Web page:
NASSAU, BAHAMAS — As the borders to Grand Bahama closed yesterday amidst a surge in new COVID-19 cases, several flights entering and departing the island were delayed, turned around or deboarded.
Prime Minister Dr. Hubert Minnis announced that Grand Bahama will be placed on a two-week lockdown and all international and domestic flights will be stopped, as the island becomes a new COVID-19 hotspot.
Health officials have confirmed 30 new infections on the island since Monday.
Western Air and Bahamasair flights both saw challenges just hours before the 6pm domestic closures took effect.
Rexy Rolle, vice-president of operations and general counsel of Western Air told Eyewitness News that around 4:30 pm, the airline was demanded by officials that “all flights cease abruptly”.
“We were told in Nassau that the aircraft which was on the runway to go to Freeport, needed to turn back,” Rolle said, in an email exchange.
“Also, the aircraft in Freeport could not return to Nassau.
Agriculture Minister Michael Pintard was among those passengers on Western Air’s 4.30pm flight into Freeport.
Pintard told Eyewitness News that he was returning to the island to be with his family and constituents during the lockdown and assist with the food security programs for residents in need.
“We were delayed for a considerable amount of time at the airport, on the tarmac, while we were trying to work through getting clearance,” Pintard said.
“We were able to get clearance and came into Freeport.”
The Marco City MP said that with the number of COVID-19 cases rising in Grand Bahama, he hopes the number of hospitalized cases can be contained given the lack of health capacity on the island.
Meanwhile, Tezel Lightbourne, a resident from New Providence, was among passengers in Grand Bahama whose flight was canceled just before the plane took off.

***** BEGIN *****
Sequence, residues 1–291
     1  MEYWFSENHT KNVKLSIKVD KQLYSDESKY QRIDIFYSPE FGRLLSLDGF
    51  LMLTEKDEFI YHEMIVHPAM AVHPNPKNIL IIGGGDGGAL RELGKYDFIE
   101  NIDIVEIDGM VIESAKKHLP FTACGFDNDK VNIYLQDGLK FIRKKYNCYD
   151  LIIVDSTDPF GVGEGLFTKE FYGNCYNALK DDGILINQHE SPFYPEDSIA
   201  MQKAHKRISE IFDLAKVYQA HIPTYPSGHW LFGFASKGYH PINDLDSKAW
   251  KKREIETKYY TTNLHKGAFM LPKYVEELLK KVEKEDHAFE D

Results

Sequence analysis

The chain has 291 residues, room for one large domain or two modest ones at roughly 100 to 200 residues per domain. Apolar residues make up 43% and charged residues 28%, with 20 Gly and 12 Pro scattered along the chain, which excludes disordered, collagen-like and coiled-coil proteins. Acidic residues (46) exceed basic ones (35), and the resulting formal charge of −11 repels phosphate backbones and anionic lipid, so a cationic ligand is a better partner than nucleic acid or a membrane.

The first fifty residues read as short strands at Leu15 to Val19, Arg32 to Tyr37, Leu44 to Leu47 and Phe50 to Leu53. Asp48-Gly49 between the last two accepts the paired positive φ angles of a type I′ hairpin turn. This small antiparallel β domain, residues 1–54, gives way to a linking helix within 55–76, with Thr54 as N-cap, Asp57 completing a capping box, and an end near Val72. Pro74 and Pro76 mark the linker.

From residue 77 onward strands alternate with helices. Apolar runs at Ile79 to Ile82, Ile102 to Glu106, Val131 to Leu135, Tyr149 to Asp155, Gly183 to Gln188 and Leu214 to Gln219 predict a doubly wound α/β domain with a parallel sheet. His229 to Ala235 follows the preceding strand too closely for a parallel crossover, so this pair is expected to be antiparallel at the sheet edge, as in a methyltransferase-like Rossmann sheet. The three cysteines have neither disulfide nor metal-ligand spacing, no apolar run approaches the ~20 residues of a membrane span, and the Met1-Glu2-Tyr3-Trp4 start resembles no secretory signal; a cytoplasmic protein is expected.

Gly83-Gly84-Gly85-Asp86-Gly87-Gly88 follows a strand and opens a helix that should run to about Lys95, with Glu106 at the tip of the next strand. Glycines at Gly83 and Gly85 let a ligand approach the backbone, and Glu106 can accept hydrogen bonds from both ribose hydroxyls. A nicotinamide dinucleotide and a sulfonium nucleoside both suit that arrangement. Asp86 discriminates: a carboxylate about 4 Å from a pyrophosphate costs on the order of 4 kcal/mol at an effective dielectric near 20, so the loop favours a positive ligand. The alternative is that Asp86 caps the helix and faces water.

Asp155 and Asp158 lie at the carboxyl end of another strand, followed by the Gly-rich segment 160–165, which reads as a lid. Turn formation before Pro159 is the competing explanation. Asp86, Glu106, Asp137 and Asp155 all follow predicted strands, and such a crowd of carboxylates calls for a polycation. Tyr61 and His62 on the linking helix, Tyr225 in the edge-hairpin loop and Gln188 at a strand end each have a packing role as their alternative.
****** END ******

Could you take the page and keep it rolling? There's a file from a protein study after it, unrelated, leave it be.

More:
Lightbourne, who works with an NGO on Grand Bahama, said she booked her flight on Monday, before the prime minister’s announcement.
She said she hasn’t seen her family since March and is eager to return home now that her contract was nearing completion.
She said when she arrived at the airport around 3.30pm she met long lines of people trying to check-in, though everyone seemed to keep their distance.
Lightbourne said passengers were allowed onto the tarmac to start boarding around 4.45pm, and soon after the flight safety demonstration was conducted.
She said the plane had already started to move when there was an announcement from the pilot.
Passengers were advised that the flight would have to be canceled due to instructions from Air Traffic Control.
By 5.04pm, some had reportedly already disembarked the plane.
“People were frustrated because the common thing that everyone said was, it’s only 5:00 o’clock”, Lightbourne said.
She furthered that while she understood the need to contain the possible spread on Grand Bahama, she fears that the lockdown may be longer than two weeks.
She noted that residents on the island have not been strictly adhering to public protocols from mask-wearing and social distancing.
Over at Bahamasair, Eyewitness News spoke to passengers onboard the airline’s 4pm flight into Grand Bahama.
Those passengers claim they were turned around mid-flight and had to return to Nassau.
Bahamasair CEO Tracy Cooper confirmed that the flight had been delayed on the tarmac as officials tried to work out some “minor details”.
That flight was eventually able to land at its destination after 6pm.
The lockdown on Grand Bahama will take effect Thursday, July 23, at 7pm until August 7 at 5am.
A complete lockdown will be in effect on Saturdays and Sundays.
As of today, there were 194 cases of COVID-19 in The Bahamas — 107 cases in New Providence, 69 in Grand Bahama, 15 in Bimini, two is Cat Island, and one confirmed case in Cat Cay.